Special Library Experience in Vietnam
D'Amicantonio, John, Information Outlook
During the summer 1998, I had the opportunity to visit and work with staff of a special library in Hanoi, Vietnam. The Southeast Asia Institute library is a small library with holdings of roughly 40,000 volumes. Established in 1973, the institute is a government agency within the National Center for the Social Sciences that supports the research interests of government employees as well as other researchers interested in Southeast Asia. The library is housed among several small offices within one of the institute buildings. Two of the offices provide space for staff to make data entries and keep track of the journal subscriptions housed within the library. One room serves as a reference area.
The library collection provides information related to the culture, history, and geography of each of the nations in Southeast Asia. Although the library has something of an academic focus, its staff clearly meets the definition of "special librarian." The institute library supports the staff of the Southeast Asia Institute. Its users see it as a vital part of their overall mission providing information to all levels of the institute. Even though in a communist regime, most decisions are top down and there is a need for accurate information.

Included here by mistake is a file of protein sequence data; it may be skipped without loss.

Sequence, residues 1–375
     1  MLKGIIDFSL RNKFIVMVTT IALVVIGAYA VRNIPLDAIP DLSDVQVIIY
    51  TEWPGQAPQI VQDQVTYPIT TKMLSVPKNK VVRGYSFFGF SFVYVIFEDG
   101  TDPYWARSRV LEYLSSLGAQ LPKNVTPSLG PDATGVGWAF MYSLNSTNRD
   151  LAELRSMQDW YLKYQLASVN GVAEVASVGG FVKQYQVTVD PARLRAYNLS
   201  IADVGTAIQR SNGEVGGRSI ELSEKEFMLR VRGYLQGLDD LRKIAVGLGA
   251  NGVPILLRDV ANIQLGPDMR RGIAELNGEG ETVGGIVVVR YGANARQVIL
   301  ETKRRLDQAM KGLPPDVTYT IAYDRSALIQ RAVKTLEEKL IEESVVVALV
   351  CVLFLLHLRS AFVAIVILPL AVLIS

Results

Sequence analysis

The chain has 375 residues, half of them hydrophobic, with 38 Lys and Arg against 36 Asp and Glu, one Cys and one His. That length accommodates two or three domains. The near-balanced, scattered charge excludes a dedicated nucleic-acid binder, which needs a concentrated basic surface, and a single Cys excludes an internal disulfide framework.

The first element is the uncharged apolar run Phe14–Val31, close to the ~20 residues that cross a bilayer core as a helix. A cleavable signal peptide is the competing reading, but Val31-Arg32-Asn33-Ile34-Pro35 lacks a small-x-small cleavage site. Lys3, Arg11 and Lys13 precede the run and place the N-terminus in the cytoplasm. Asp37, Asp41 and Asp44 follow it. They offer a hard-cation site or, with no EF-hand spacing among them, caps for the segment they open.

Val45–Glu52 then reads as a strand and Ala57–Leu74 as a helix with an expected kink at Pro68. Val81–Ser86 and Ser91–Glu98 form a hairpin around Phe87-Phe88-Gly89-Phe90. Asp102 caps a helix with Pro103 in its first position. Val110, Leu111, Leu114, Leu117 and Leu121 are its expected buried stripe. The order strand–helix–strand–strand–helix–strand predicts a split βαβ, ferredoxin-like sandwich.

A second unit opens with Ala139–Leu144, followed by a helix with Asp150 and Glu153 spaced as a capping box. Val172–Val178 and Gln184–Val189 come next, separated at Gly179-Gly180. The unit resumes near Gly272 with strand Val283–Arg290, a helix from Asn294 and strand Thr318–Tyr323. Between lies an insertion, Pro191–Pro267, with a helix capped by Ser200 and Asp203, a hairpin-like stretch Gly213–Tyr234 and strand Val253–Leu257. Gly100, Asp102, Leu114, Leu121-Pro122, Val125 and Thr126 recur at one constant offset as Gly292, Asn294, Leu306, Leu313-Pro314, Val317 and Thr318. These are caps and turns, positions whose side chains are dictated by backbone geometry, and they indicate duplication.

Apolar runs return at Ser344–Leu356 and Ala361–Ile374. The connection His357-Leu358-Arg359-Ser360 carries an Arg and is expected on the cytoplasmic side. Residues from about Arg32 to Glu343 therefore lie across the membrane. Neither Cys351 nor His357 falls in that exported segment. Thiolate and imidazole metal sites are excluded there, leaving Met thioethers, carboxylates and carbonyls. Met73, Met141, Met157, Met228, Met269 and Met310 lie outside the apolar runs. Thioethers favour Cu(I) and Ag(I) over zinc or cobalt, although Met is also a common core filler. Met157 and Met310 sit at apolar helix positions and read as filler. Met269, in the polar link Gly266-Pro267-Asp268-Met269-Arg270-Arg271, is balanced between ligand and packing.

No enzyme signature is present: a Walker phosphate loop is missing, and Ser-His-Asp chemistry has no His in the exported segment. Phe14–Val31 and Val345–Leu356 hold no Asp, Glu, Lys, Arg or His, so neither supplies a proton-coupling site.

In addition to Director Cao Minh Chong, an historian, the library employs seven full-time staff members who assist visitors to the library as well as perform other functions. Unfortunately, none of the library staff have formal education or training in library science; however, they are eager to make the library a very pleasant place to visit. The employees are selected based on their knowledge of either a Southeast Asian native language, such as Khmer and Tagalog, or one of the so-called colonial languages. These include Dutch, French, and English. Despite the lack of library science education, the library staff are well-educated with strong backgrounds in social sciences and world events. Their language skills are valuable at the institute library since many of the monographs in the collection are written in languages other than Vietnamese. Many of the texts are in English, French, and Chinese. Many of the books are also in Russian since the former USSR was Vietnam's major donor for many years until the demise of the Soviet Union.
The research collection is housed in a locked area of the institute's basement. Unfortunately, this closed stacks policy makes it difficult to browse, but it makes it easier to control use of the collection which seems to be a serious issue in this communist governed country. The extreme heat and humidity typical of Vietnam is also cause for concern since this type of climate advances the deterioration of books. Currently, nothing is being done to preserve the collection. …